Wednesday, 31 October 2012


Mavis Gary is an alcoholic that much is clear, she’s also a neurotic, self-obsessed bitch and we’re meant to sympathize with her. Mavis is played by Charlize Theron who establishes herself with this role as one of the most talented actresses working today.

Mavis writes teenage romance novels but they are not about vampires. The series is on its last legs and Mavis is being hounded by her publisher to give them a first draft. Mavis has gone back to her hometown of Mercury in search of the boy she lost, his name is Buddy Slade and he’s played by the endearingly earnest Patrick Wilson. When Buddy and Mavis were in high-school together they were inseparable. Fast forward twenty years later and Buddy is married with a newborn baby.

When Mavis finally sees Buddy she thinks his wife has taken away the life that was always rightfully hers. When Mavis finally gets into town she meets Matt Freehauf played by Patton Oswalt in his best role yet as a disabled local man who lives with his sister, paints figurines and distills his own toxic alcohol. Matt is quick to tell Mavis that she had a locker beside him for the entirety of high-school and never noticed him.

In Matt, Mavis meets her match with a person who hates as many things as she does and at the start of the picture they seem like polar opposites but as the story progresses you begin to see how similar they really are.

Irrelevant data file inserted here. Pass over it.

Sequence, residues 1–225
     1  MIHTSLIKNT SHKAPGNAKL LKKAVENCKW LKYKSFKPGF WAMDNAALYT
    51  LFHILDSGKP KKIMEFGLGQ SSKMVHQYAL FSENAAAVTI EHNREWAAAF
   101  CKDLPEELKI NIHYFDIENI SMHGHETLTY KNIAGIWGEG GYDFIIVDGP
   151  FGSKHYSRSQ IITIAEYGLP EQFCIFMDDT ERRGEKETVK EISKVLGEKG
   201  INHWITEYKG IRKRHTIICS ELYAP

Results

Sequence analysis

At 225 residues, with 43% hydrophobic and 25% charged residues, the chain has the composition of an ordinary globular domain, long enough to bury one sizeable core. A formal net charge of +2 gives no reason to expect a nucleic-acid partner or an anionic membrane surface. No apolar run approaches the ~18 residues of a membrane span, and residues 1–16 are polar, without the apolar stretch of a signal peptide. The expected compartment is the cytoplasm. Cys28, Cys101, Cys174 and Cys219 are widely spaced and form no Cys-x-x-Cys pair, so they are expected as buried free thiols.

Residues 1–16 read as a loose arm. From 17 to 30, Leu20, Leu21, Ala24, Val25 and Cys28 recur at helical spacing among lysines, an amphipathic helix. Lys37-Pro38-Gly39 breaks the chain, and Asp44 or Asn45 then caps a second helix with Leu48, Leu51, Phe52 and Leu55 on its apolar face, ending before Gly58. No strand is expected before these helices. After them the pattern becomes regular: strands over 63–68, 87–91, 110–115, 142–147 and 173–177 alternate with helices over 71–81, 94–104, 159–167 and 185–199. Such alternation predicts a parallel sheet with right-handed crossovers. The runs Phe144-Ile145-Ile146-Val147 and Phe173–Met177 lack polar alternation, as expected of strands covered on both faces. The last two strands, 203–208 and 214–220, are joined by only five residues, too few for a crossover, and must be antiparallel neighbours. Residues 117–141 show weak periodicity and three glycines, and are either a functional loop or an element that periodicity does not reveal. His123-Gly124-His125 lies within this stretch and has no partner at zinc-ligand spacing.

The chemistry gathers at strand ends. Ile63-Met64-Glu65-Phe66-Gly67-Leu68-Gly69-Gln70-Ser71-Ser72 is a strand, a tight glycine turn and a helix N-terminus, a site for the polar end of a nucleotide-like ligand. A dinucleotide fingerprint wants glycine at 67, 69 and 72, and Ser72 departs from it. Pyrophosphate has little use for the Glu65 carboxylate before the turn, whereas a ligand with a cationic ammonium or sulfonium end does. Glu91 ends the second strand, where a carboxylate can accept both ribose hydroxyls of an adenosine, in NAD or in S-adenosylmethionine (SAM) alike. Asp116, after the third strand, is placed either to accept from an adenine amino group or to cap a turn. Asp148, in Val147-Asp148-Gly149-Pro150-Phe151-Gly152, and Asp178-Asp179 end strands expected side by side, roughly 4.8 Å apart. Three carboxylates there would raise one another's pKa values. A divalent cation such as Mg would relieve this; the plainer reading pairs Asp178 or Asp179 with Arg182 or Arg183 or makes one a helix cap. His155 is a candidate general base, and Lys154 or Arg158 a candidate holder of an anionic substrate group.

The film is directed by Jason Reitman, who on his fourth feature has established himself to be a very confident director of blackly comic, independent feature films. The screenplay was written by Diablo Cody who after first collaborating with Reitman on the wonderful Juno returns with a script that bites even harder and is more emotionally engaging then Juno MaGuffs baby trouble ever could be.

The comedy is at times laugh-out-loud and others cringe inducingly painful. One scene in particular set at a baby naming ceremony goes from absolutely hilarious to difficult to watch in a matter of seconds.

All of the cast are at the top of their game and the fact that a film as good as 'Young Adult' got snubbed entirely during awards season is a real shame for such a well-made, powerfully acted film.

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